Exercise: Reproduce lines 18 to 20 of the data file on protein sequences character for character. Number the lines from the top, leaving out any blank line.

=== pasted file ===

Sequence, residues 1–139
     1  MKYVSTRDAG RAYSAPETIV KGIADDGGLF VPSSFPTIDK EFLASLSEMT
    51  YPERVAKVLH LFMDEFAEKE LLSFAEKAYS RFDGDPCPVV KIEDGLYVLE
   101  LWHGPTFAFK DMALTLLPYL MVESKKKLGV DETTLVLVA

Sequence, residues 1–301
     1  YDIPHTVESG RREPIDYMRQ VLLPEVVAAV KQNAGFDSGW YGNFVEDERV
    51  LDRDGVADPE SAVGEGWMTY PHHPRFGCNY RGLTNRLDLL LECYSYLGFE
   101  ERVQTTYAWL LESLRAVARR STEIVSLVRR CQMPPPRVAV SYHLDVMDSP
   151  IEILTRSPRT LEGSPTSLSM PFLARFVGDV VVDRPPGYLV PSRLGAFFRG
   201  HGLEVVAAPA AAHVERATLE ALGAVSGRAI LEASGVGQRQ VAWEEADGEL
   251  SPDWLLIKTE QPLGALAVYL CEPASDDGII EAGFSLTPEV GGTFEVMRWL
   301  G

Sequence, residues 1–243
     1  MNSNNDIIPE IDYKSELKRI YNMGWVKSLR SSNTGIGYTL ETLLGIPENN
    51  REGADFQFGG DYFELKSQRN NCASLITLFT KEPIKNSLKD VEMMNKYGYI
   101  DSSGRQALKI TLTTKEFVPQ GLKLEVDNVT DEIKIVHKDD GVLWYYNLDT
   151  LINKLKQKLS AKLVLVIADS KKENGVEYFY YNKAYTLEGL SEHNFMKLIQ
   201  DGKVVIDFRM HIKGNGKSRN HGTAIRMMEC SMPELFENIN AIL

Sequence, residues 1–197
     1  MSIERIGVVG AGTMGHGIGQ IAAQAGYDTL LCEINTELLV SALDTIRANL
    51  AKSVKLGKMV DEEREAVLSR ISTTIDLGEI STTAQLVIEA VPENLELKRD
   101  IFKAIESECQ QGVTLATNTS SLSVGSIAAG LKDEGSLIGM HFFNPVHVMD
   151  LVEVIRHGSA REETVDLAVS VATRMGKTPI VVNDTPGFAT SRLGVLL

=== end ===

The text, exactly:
   201  DGKVVIDFRM HIKGNGKSRN HGTAIRMMEC SMPELFENIN AIL

Sequence, residues 1–197
     1  MSIERIGVVG AGTMGHGIGQ IAAQAGYDTL LCEINTELLV SALDTIRANL